FDA has not taken any formal action to prohibit the use of BPA in any food products. In fact, FDA cautioned against making any changes in food packaging or consumption by either industry or consumers that could jeopardize food safety or reduce intake of food needed for good nutrition. Bottled water companies using polycarbonate containers can therefore continue to sell their products fully confident of consumer safety.
The FDA’s position on the safety of BPA did not stop the U.S. Congress, 22 states and numerous localities from proposing over 80 separate pieces of legislation in 2010 to ban or severely limit the use of polycarbonate plastic with BPA in children’s products, food containers and other applications. Minnesota was the first state in the U.S. to enact a restriction on the sale and distribution of certain products containing BPA. That happened in 2009, and since then seven other states have also enacted BPA restrictions – Connecticut, Massachusetts, Maryland, New York, Vermont, Washington State and Wisconsin. In part because IBWA and our allies remain diligent in keeping lawmakers apprised of the solid science behind the safety of BPA, the majority of these new laws are more narrowly focused on products intended for young children (such as baby bottles and sippy cups) and none of them currently apply to bottled water products.
IBWA has worked with broader industry coalitions managed by the likes of the American Chemistry Council (ACC) and the Grocery Manufacturers Association (GMA) to fight these misguided efforts to ban BPA. In a few instances where proposed legislation was broader and appeared to capture our industry’s polycarbonate water bottles, IBWA members raised their voices and worked to have those proposals amended so that they did not directly impact the bottled water industry. They contacted their legislators and attended a public hearing in order to voice their concerns about how a BPA restriction would negatively impact their business and thus the local economy.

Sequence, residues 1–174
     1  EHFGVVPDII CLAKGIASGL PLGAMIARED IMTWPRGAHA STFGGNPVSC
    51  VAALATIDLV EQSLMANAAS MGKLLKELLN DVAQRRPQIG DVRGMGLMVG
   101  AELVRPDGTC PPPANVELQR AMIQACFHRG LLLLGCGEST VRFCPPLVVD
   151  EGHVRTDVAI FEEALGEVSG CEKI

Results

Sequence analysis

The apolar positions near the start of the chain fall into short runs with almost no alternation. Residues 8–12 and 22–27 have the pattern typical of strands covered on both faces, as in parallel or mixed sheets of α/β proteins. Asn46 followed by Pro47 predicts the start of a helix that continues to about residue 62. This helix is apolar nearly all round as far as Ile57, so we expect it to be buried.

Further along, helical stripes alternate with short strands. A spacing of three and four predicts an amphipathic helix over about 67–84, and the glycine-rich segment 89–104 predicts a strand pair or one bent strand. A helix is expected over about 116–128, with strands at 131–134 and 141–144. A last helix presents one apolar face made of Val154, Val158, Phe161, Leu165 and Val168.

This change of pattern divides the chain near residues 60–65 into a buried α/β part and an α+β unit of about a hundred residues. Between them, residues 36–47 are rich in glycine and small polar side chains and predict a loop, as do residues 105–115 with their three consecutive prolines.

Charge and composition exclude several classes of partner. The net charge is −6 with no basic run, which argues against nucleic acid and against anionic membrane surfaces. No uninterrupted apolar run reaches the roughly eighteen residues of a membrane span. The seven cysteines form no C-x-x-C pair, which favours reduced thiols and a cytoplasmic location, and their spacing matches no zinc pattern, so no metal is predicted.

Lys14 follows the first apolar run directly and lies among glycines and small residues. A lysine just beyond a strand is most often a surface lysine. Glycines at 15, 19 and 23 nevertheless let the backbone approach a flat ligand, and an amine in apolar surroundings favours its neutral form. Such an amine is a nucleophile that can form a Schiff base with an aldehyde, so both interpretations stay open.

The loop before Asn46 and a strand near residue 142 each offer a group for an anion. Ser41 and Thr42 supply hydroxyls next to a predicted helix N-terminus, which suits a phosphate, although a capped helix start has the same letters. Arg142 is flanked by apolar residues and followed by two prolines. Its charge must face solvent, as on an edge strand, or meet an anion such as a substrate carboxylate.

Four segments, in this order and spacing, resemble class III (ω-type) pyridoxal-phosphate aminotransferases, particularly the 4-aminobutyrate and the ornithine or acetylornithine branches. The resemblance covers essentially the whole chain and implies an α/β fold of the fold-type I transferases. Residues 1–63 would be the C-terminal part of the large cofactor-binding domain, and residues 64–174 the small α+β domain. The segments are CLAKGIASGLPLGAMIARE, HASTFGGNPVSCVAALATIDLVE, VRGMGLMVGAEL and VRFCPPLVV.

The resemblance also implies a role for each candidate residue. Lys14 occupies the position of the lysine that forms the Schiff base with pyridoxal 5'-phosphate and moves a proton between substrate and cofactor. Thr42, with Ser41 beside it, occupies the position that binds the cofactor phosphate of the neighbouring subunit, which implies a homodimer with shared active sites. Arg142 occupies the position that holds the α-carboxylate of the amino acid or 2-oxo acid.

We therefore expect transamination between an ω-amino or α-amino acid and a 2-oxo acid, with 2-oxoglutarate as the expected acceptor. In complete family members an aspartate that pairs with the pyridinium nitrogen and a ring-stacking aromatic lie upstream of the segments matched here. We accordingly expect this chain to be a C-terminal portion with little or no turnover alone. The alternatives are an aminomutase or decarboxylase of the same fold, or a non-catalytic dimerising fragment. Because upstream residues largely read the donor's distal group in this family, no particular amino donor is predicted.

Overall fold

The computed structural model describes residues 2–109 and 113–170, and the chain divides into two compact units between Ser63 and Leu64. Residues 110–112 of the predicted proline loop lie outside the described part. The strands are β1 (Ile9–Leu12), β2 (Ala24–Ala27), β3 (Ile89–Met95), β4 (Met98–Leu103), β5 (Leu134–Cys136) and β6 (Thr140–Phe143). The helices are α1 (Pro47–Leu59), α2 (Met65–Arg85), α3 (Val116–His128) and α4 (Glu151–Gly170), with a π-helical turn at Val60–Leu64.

IBWA members made certain that legislators understood that bottled water is a packaged food product highly regulated by the FDA and by the states in which they operate, and that the FDA continues to confirm the overall safety of BPA used in food containers. IBWA members also made certain that legislators knew that this was not just a “baby bottles and sippy cups issue”, and that polycarbonate water bottles could easily be considered a reusable food and beverage container under the wrong definition. And IBWA members also made certain that legislators knew that replacing their existing polycarbonate water bottles would be very cost-prohibitive, and restricting their use would have negative economic consequences for local companies and the entire bottled water industry.
As we look ahead in 2011, concerns over BPA are not likely to go away. The issue will continue to be very important for all IBWA members – small, medium and large. Inaccurate perceptions are likely to continue among legislators, and even some in the bottled water industry. We should expect as much, if not more, related legislation in the coming year that could impact the bottled water industry – particularly in Illinois, New York, Maine, Oregon and Pennsylvania, as well as in Congress.
IBWA will continue to defend and provide the facts about the safety of BPA. IBWA members and regional associations such as SEBWA must remain actively engaged and involved in providing accurate industry and BPA information to legislators in order to ensure that related legislation is not overtly and unintentionally broad to the point of unnecessarily harming our industry. If not, new BPA restrictions may directly impact the bottled water industry in negative ways. If you want to get involved on this issue, please contact IBWA.